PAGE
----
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NFL 2020 policy changes: Memo cites 6-feet social distancing in locker rooms, ban on buffets among policy changes
The NFL’s version of new normal amid the COVID-19 pandemic might include locker room reconfiguration and a total ban on buffets. These are some of the new protocols reportedly cited on a memo sent out on Sunday to address the upcoming return of players to club facilities.
NFL memo suggests policy changes amid coronavirus pandemic
It is still unknown how the entirety of the NFL 2020 season would proceed considering the unpredictability of the current health situation. However, like in other industries, the league has been laying out plans to accommodate the phase-by-phase return of players, coaches, and team staff members to facilities and eventually to the games.
NFL’s reopening started by allowing up to 75 employees, strictly not including non-rehabilitating players and coaches, to return to club facilities in May. With only a few weeks left before the usual opening of training camps, the NFL is starting to tackle policy changes needed as players return to work.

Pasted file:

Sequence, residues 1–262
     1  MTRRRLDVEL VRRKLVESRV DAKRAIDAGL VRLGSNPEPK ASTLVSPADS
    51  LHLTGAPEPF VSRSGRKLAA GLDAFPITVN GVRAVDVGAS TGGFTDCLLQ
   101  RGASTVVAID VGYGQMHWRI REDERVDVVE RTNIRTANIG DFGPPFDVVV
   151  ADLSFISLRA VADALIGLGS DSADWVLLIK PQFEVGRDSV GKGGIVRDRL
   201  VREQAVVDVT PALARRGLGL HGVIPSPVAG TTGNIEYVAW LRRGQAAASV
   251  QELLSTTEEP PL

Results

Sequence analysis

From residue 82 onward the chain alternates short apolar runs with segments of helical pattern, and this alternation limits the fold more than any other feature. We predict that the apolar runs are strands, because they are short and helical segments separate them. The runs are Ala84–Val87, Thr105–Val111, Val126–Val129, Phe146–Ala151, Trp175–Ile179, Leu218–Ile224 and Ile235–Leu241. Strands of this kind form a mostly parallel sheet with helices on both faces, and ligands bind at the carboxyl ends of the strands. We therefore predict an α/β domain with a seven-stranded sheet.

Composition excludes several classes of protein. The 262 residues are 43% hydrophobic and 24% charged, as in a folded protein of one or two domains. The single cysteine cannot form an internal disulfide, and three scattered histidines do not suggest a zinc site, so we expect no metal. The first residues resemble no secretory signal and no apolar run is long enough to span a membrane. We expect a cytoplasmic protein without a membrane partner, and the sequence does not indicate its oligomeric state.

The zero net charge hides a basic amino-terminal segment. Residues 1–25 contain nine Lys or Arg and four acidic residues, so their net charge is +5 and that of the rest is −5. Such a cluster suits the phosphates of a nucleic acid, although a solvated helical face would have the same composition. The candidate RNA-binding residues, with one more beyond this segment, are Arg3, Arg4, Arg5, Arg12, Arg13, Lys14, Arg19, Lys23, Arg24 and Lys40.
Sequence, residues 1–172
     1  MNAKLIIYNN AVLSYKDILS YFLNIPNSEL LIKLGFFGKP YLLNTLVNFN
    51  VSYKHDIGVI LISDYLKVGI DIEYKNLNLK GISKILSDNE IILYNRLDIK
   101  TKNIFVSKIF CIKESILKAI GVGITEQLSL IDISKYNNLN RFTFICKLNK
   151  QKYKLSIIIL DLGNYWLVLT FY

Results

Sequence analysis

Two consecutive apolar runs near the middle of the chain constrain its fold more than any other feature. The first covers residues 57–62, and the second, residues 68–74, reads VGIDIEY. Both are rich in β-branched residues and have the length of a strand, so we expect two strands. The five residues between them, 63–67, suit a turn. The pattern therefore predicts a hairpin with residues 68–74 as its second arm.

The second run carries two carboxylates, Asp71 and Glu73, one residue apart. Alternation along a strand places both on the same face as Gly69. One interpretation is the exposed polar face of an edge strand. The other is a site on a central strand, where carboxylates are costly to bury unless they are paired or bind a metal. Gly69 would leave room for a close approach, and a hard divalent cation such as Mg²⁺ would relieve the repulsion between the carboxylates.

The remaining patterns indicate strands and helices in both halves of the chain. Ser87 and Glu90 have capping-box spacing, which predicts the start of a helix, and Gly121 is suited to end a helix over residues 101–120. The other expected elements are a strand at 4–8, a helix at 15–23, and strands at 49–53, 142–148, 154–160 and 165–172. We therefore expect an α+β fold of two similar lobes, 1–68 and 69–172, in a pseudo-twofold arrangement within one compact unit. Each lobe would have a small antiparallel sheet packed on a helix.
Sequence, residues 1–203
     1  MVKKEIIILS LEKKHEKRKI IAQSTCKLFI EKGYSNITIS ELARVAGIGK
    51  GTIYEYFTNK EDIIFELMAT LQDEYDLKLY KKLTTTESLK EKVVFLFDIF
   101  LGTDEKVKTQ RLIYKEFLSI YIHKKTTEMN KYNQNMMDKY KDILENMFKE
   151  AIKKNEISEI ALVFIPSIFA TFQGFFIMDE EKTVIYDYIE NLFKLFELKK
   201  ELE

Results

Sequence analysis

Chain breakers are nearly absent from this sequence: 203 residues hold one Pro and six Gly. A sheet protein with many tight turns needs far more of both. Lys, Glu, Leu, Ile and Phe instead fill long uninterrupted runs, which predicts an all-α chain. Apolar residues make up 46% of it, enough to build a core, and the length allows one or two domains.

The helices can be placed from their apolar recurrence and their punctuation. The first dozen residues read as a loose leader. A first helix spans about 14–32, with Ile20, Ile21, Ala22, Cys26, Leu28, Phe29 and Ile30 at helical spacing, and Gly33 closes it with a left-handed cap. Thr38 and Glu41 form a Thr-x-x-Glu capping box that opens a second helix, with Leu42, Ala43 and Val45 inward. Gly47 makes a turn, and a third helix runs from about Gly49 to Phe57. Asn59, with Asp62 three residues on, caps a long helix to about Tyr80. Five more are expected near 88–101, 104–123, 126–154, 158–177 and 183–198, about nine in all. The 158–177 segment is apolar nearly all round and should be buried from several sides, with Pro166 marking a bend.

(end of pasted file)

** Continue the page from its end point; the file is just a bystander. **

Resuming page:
A copy of the memo reported by The Athletic indicates that the NFL has advised teams to change the layout of locker rooms to implement -- “where possible” -- a six-feet distance between players’ stalls. The thing is football rosters include as much as 90 players, and reconfiguring the locker rooms to accommodate social distancing protocols might not be an easy task.
League officials have also thought about every important detail down to the way teams dine in club facilities. While the wording about the locker room changes appears more of a suggestion, the new rule on buffets is more defined. This setup will no longer be allowed this year, and players will be provided with pre-packed meals. To avoid having the dining halls crowded, the memo also mentioned that clubs will have to impose staggered meal times.
NFL 2020 regular season still slated to start in September
Players might also have to use certain facilities on a rotational basis during training camps, as the NFL suggests keeping the number of people simultaneously using the weight room below 15. Any meeting that will include more than 20 persons are required to be held virtually.
While the memo mentioned these protocols were set in coordination with the NFL Players Association, the NFLPA reportedly sent out its own announcement clarifying that it has yet to formally agree to a return-to-work plan. The first 2020 regular season game is scheduled on Thursday, Sept. 10 between the Houston Texans and Kansas City Chiefs.